Alan Mills, the tournament referee for the Dubai Duty Free Women's Open, spent 23 years incurring the public's wrath as the official who ordered the Wimbledon courts to be covered when the skies over south-west London opened. The "Rain Man", who retired from his post at the All England Club last year, was in his element yesterday as players and spectators spent a frustrating day here dodging the showers.
Just half an hour's play was possible and only one of the quarter-finals started. Amélie Mauresmo and Svetlana Kuznetsova were playing a tie-break at the end of their first set when yet another burst of rain brought a premature end to the action, which had not got under way until late in the afternoon. An indication of how unusual the rain is here for this time of year came earlier in the week, when a day of light drizzle made the front page of Gulf News and brought some roads to a standstill.
The standard of play was what you might have expected from two women who had spent most of the day wondering whether they would ever get on court. The set was littered with unforced errors and Mauresmo had to claw her way back after a poor start which saw her lose the first three games. The Australian Open champion had been two points away from losing the set but led 3-2 in the tie-break when play ended.
Mauresmo is looking to extend her current winning run of 16 matches. She has won both tournaments she has played since Melbourne, beating Mary Pierce and Kim Clijsters in the finals at Paris and Antwerp respectively, and victory in the tournament here would see her reclaim her position as world No 1.
Even if her run ends here, the Frenchwoman looks certain to return to the top of the rankings at some stage over the next month. She moves on to Doha next week, while Clijsters, the current No 1, has pulled out of next month's tournament at Indian Wells through injury. As last year's champion there, the Belgian would have been defending a large number of ranking points.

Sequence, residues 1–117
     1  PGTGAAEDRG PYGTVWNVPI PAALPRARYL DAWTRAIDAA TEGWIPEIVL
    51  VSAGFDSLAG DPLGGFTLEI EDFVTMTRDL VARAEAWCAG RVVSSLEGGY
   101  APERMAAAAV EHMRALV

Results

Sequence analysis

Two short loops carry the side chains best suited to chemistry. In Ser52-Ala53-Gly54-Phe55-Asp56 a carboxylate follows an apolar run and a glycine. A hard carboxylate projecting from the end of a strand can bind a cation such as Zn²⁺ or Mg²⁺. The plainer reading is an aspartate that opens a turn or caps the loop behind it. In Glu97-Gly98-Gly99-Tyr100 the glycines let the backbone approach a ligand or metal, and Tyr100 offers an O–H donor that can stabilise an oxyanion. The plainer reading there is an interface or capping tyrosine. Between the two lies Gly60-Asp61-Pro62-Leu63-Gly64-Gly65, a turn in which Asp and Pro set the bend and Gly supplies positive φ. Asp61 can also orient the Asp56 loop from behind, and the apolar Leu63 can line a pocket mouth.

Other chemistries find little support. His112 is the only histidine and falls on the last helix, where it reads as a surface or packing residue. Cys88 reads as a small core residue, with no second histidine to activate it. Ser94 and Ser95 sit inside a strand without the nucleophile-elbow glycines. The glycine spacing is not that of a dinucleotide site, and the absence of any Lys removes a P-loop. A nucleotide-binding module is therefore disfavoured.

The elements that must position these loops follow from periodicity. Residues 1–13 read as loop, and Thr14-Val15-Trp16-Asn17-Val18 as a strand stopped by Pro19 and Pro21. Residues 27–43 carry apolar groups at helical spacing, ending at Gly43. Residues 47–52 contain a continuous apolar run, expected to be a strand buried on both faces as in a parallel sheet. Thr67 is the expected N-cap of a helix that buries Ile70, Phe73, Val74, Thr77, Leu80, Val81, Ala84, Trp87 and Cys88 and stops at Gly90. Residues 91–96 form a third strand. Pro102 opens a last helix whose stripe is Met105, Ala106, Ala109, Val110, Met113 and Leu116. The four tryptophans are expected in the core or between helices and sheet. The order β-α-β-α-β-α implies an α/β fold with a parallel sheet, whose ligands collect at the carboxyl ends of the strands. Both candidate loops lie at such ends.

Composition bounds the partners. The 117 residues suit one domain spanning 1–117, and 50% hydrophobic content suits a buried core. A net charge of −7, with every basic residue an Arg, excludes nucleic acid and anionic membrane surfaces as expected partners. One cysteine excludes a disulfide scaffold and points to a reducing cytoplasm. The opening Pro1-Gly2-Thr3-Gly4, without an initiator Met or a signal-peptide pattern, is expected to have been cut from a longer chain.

The field aiming to block Mauresmo's route to her second Dubai title could hardly be stronger. Clijsters is the only woman in the world's top five who is not here and all the leading players, including the resurgent Martina Hingis, have reached the quarter-finals, which includes five former world No 1s.
If Mauresmo beats Kuznetsova, she is likely to face Justine Henin-Hardenne, who was her opponent in the Australian Open final. However, the Belgian is still not fully recovered from the stomach complaint which forced her to retire during the second set of the Melbourne final and faces a tricky opponent in Francesca Schiavone. The Italian pushed Henin-Hardenne all the way in a final in Sydney last month, having led 4-1 in the second set and 5-3 in the third before losing 7-5.
In the other half of the draw, Lindsay Davenport was in formidable form in her first match, beating Elena Likhovtseva 6-0, 6-0, and should have few problems in her quarter-final against Russia's Maria Kirilenko. The winner of their encounter meets either Hingis or Maria Sharapova.
If Hingis builds on the excellent form she showed in beating Anastasia Myskina in the previous round here, the crowd should be in for a treat - weather permitting.